The Temporal Goods of the Church
» The Acquisition of Goods
The Church can acquire temporal goods by every just means of natural or positive law permitted to others.
The Church has an innate right to require from the Christian faithful those things which are necessary for the purposes proper to it.
§1. The Christian faithful are free to give temporal goods for the benefit of the Church.
§2. The diocesan bishop is bound to admonish the faithful of the obligation mentioned in can. 222,
§1 and in an appropriate manner to urge its observance.
The faithful are to give support to the Church by responding to appeals and according to the norms issued by the conference of bishops.
After the diocesan bishop has heard the finance council and the presbyteral council, he has the right to impose a moderate tax for the needs of the diocese upon public juridic persons subject to his governance; this tax is to be proportionate to their income. He is permitted only to impose an extraordinary and moderate exaction upon other physical and juridic persons in case of grave necessity and under the same conditions, without prejudice to particular laws and customs which attribute greater rights to him.
Unless the law has provided otherwise, it is for a meeting of the bishops of a province:
1. to fix the fees for acts of executive power granting a favor or for the execution of rescripts of the Apostolic See, to be approved by the Apostolic See itself;
2. to set a limit on the offerings on the occasion of the administration of sacraments and sacramentals.
§1. Without prejudice to the right of religious mendicants, any private person, whether physical or juridic, is forbidden to beg for alms for any pious or ecclesiastical institute or purpose without the written permission of that person’s own ordinary and of the local ordinary.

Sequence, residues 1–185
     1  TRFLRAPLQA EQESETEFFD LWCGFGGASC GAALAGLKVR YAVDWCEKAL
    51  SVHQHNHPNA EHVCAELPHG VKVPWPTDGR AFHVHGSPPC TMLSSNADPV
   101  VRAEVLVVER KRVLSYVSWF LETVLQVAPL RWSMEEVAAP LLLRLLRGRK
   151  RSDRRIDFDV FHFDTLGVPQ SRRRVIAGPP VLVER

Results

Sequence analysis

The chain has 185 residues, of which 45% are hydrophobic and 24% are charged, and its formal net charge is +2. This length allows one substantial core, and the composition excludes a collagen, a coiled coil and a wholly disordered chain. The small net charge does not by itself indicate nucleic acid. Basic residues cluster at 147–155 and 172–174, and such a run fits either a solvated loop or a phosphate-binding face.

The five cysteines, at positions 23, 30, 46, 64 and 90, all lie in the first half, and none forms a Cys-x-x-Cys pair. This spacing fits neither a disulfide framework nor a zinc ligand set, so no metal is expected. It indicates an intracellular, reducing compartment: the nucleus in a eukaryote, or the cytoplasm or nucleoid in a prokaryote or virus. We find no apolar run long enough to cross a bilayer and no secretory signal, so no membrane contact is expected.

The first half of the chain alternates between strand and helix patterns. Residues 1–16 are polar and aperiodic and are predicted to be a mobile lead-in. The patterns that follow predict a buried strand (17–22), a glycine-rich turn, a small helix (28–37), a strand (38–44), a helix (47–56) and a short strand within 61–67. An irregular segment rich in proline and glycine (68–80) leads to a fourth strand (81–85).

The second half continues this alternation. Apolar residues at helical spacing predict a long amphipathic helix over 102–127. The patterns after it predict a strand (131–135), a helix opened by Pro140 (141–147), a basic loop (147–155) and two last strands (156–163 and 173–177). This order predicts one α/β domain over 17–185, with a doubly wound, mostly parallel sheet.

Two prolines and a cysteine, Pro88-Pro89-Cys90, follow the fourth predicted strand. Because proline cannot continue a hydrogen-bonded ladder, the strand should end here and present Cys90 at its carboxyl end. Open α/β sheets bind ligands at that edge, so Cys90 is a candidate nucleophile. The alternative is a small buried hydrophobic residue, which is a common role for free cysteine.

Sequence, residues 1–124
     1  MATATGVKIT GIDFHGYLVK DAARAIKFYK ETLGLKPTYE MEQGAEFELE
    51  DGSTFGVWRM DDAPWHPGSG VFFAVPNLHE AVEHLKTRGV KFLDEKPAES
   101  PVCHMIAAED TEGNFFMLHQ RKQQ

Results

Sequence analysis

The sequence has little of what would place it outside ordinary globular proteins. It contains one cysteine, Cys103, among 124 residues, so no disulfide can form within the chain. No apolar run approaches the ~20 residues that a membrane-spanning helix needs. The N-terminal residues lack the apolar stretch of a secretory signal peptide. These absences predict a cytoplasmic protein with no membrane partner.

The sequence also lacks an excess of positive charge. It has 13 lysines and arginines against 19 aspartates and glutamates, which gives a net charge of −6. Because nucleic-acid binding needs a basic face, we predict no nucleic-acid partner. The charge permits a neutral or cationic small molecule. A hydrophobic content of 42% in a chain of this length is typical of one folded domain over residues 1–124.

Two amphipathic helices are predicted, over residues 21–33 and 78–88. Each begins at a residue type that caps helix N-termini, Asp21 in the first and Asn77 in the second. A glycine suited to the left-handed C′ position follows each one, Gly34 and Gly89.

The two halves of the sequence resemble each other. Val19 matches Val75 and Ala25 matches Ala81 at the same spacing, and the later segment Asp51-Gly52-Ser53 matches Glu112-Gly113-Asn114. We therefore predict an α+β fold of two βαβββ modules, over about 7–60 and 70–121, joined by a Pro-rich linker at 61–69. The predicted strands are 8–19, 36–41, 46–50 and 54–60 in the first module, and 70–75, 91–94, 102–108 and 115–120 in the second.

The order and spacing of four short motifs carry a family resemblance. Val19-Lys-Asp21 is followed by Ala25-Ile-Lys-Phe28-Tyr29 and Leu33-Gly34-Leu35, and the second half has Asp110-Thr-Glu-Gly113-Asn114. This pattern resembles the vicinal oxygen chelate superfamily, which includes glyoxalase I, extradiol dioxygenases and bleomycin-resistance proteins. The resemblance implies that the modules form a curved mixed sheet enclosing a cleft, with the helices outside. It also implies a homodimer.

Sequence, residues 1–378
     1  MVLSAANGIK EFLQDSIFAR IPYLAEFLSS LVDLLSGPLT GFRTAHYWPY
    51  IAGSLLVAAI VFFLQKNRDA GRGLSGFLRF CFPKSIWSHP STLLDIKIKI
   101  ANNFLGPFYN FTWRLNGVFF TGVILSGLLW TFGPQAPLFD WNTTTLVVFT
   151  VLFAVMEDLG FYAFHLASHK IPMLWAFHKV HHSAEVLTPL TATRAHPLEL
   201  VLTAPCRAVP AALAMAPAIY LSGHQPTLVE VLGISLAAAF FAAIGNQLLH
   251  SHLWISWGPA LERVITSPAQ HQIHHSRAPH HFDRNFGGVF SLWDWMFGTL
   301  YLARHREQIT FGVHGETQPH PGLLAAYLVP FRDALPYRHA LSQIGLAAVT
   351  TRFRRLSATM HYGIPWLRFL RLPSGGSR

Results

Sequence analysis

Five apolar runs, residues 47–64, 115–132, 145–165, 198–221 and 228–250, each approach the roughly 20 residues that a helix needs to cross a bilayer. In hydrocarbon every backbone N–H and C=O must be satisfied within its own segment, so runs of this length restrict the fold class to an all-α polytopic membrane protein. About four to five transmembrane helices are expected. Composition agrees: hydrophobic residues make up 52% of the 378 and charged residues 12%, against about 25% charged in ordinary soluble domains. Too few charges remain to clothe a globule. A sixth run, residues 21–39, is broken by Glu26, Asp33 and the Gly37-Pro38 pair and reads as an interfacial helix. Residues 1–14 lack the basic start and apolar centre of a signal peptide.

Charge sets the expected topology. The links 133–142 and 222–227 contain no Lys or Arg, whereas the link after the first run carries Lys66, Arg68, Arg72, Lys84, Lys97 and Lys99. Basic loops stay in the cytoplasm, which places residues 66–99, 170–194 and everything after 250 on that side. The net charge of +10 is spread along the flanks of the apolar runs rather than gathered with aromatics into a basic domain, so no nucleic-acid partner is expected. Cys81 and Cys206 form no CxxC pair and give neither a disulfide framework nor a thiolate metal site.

§2. The conference of bishops can establish norms for begging for alms which all must observe, including those who by their foundation are called and are mendicants.
In all churches and oratories which are, in fact, habitually open to the Christian faithful, including those which belong to religious institutes, the local ordinary can order the taking up of a special collection for specific parochial, diocesan, national, or universal projects; this collection must be diligently sent afterwards to the diocesan curia.
§1. Unless the contrary is established, offerings given to superiors or administrators of any ecclesiastical juridic person, even a private one, are presumed given to the juridic person itself.
§2. The offerings mentioned in §1 cannot be refused except for a just cause and, in matters of greater importance if it concerns a public juridic person, with the permission of the ordinary; the permission of the same ordinary is required to accept offerings burdened by a modal obligation or condition, without prejudice to the prescript of can. 1295
§3. Offerings given by the faithful for a certain purpose can be applied only for that same purpose.
The Church recognizes prescription as a means of acquiring temporal goods and freeing oneself from them, according to the norm of can. 197-199
If sacred objects are privately owned, private persons can acquire them through prescription, but it is not permitted to employ them for profane uses unless they have lost their dedication or blessing; if they belong to a public ecclesiastical juridic person, however, only another public ecclesiastical juridic person can acquire them.
If they belong to the Apostolic See, immovable property, precious movable objects, and personal or real rights and actions are prescribed by a period of a hundred years; if they belong to another public ecclesiastical juridic person, they are prescribed by a period of thirty years.
By reason of the bond of unity and charity and according to the resources of their dioceses, bishops are to assist in procuring those means which the Apostolic See needs, according to the conditions of the times, so that it is able to offer service properly to the universal Church.
In regions where benefices properly so called still exist, it is for the conference of bishops, through appropriate norms agreed to and approved by the Apostolic See, to direct the governance of such benefices in such a way that the income and even, insofar as possible, the endowment itself of the benefices are gradually transferred to the institute mentioned in can. 1274,
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